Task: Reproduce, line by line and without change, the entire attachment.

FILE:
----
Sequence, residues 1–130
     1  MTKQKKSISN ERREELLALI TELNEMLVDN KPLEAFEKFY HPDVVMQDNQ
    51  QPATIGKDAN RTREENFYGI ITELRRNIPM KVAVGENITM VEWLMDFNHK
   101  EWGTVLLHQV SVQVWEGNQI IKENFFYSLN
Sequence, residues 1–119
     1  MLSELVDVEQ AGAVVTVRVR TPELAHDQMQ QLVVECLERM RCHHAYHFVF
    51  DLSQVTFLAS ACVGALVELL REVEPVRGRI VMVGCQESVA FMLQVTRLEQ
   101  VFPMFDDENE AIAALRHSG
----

Sequence, residues 1–130
     1  MTKQKKSISN ERREELLALI TELNEMLVDN KPLEAFEKFY HPDVVMQDNQ
    51  QPATIGKDAN RTREENFYGI ITELRRNIPM KVAVGENITM VEWLMDFNHK
   101  EWGTVLLHQV SVQVWEGNQI IKENFFYSLN
Sequence, residues 1–119
     1  MLSELVDVEQ AGAVVTVRVR TPELAHDQMQ QLVVECLERM RCHHAYHFVF
    51  DLSQVTFLAS ACVGALVELL REVEPVRGRI VMVGCQESVA FMLQVTRLEQ
   101  VFPMFDDENE AIAALRHSG